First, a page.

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My dad had a Midland from late 50s that looked like a praying mantis. I have no pictures of it however.
 

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Here is a '50s Fairbanks-Morse mower that I dug up.
I like that, Dave, those side pieces remind me of pontoons. That would be a cool machine to have restored up on a shelf. Great find. :thThumbsU

Here are a couple of mine.


1959 Eclipse Speedway, weighs 485 pounds dry without the sulky. Has a self-sharpening attachment feature that spins the reel in reverse that's kind of cool.





1947 Jacobsen Lawn King 2 stroke - the most fun mower I've ever operated. It becomes your "friend" while you mow. :tango_face_smile:
 

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Lets post some pictures of the oddest looking or rarest tractor or mower seen.
Lets see some stuff that's not seen everyday... I'll start with this one.
A Mustang was up for sale on FB today and quickly sold. $275 asking price.

I found this trike reel mower when searching for a pic of the Mustang as it was removed already.
 

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OLD TIRED CDN. MECHANIC
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You did say oddest right? For sure not mine...........:sidelaugh

. ugly Ford.JPG
 

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from the Northwest antique power show, Kalispell Montana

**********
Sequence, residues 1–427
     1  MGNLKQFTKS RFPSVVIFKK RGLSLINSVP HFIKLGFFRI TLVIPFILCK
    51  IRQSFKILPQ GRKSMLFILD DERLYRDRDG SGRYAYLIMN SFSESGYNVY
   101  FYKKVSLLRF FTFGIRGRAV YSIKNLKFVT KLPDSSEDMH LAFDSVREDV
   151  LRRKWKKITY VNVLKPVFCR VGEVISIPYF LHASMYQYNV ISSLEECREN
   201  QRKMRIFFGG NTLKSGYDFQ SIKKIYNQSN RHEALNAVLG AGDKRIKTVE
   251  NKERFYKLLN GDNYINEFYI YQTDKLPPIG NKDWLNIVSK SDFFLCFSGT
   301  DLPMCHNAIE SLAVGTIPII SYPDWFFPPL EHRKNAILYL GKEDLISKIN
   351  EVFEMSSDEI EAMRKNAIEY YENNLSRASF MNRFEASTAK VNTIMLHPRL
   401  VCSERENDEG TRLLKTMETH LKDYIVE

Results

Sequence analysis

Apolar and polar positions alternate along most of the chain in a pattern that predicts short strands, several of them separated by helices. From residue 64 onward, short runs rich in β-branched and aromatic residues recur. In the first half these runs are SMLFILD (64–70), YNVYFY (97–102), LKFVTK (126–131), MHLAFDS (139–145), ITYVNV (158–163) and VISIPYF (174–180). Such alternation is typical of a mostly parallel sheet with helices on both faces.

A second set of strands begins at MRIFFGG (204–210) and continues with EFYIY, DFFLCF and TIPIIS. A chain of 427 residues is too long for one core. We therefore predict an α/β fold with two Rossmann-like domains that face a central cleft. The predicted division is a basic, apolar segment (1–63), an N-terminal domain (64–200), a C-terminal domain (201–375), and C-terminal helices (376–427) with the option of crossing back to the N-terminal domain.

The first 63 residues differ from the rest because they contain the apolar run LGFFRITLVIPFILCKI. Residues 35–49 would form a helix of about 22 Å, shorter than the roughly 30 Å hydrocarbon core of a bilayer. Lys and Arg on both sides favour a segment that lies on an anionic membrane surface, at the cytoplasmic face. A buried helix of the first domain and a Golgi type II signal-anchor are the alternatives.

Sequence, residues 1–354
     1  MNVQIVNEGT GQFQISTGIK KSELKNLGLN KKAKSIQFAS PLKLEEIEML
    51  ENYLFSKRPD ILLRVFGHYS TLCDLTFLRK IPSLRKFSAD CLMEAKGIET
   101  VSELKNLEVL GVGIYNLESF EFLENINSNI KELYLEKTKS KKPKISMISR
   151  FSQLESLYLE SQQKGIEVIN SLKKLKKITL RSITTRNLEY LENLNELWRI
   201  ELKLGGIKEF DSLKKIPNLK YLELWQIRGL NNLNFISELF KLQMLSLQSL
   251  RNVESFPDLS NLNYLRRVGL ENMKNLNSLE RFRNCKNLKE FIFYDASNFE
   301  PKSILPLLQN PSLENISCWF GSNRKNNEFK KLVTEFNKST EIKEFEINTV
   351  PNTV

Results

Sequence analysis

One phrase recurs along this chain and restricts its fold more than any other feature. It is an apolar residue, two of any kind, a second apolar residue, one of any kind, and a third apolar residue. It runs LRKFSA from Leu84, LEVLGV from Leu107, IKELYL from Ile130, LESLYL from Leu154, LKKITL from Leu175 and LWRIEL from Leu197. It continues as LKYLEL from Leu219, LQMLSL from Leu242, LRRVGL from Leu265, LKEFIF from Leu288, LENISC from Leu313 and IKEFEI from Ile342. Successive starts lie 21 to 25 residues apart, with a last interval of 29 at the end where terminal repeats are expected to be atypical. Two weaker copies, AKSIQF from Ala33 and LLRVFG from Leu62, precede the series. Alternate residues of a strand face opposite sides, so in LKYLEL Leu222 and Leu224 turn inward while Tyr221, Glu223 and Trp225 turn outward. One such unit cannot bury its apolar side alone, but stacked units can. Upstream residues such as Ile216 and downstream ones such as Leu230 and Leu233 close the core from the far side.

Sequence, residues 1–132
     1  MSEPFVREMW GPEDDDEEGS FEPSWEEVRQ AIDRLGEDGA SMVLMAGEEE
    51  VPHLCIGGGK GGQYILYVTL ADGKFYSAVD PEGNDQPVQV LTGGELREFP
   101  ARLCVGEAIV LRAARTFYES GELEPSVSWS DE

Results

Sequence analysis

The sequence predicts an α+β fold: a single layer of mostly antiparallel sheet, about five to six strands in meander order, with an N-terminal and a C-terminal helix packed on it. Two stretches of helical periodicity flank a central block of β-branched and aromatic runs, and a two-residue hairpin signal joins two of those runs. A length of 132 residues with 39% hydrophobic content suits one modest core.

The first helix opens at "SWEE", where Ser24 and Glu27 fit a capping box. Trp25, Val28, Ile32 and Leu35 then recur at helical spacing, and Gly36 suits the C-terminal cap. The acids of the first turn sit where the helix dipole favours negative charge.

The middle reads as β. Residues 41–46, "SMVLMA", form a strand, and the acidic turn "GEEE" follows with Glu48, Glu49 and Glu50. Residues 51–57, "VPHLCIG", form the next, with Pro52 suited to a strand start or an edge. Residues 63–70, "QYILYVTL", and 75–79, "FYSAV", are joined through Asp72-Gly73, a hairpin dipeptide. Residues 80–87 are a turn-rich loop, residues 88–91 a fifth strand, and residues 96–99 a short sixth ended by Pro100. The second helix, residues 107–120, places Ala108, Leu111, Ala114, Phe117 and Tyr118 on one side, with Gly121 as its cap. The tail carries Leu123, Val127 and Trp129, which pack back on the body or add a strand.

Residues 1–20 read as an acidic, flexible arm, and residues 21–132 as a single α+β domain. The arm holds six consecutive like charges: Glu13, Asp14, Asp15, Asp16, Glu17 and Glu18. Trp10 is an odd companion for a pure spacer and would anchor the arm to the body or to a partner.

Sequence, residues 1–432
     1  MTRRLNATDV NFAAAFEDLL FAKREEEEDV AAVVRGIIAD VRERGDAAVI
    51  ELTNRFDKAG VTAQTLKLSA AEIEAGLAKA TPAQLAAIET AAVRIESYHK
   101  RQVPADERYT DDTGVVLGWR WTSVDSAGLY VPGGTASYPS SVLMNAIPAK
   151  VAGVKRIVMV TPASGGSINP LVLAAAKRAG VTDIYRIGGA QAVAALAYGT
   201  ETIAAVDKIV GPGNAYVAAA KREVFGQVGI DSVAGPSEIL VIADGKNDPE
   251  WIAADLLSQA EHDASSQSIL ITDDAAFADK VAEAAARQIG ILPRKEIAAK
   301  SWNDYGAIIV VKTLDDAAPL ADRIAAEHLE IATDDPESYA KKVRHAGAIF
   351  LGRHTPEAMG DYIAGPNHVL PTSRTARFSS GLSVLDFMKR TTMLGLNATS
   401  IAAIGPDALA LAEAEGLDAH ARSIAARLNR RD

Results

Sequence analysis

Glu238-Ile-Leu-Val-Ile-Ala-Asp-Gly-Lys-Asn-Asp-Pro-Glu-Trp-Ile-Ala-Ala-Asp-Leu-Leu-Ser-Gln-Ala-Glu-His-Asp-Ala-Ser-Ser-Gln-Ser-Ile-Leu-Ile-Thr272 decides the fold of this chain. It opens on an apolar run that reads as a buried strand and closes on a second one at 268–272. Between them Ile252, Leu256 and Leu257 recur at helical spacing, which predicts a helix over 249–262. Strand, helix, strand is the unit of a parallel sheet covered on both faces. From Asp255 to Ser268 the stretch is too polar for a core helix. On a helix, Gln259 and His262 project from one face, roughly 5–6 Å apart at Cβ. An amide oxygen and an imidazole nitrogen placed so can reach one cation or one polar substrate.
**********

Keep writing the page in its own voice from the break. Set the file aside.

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Is that National pulling a self powered flail mower?
 

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My uncle built himself a four wheel drive tractor. Keep in mind, this was about 1958. He used two rear axles from two old tractors that had tires. The first test of it that I remember was during a flood shortly after. It was winter and the river was the highest ever. By my uncle’s house, the road, Ohio Route 66 in Northwest Ohio, made a bend to the East because of the river. A truck driver started into the water and went maybe 100 yards before stopping and abandoned his truck. The river kept rising until the water was an inch below the cab door on the semi. It sat there for days until the water started to recede. When the water was back down to the running boards, they decided to get it out. There was a 6 foot bank to the left of the tractor, but 30 yards ahead was a driveway up onto it. The drive was used to access a farm field. It was decided that the semi truck could make it across the fields to a gravel country road with the help of a strong tractor which is where my uncle’s tractor came into the picture, pulling the truck up the sloped driveway and across the field, navigating a fence row, nearly 1/8 of a mile to the gravel road. We always were amazed - the truck driver stopped on the highest part of the road. He had planned to go straight ahead, but stopped. All that lay before him was water, straight ahead and to the right. About 40 yards ahead, maybe 10 yards past the drive used to get the truck out, the road bent back to the right and the level of the field straight ahead dropped 8-10’. No doubt the driver could easily have saved his life by stopping. Took a lot of time for all that water to go away.

Hadn’t thought about that in a long time
 

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One of the strangest tractors I have seen was a Gibson, fellow I know has two of them. Just a frame, four wheels, a seat and an engine with two sticks for controls. It looks home made but they were actually sold in the 50's.
 
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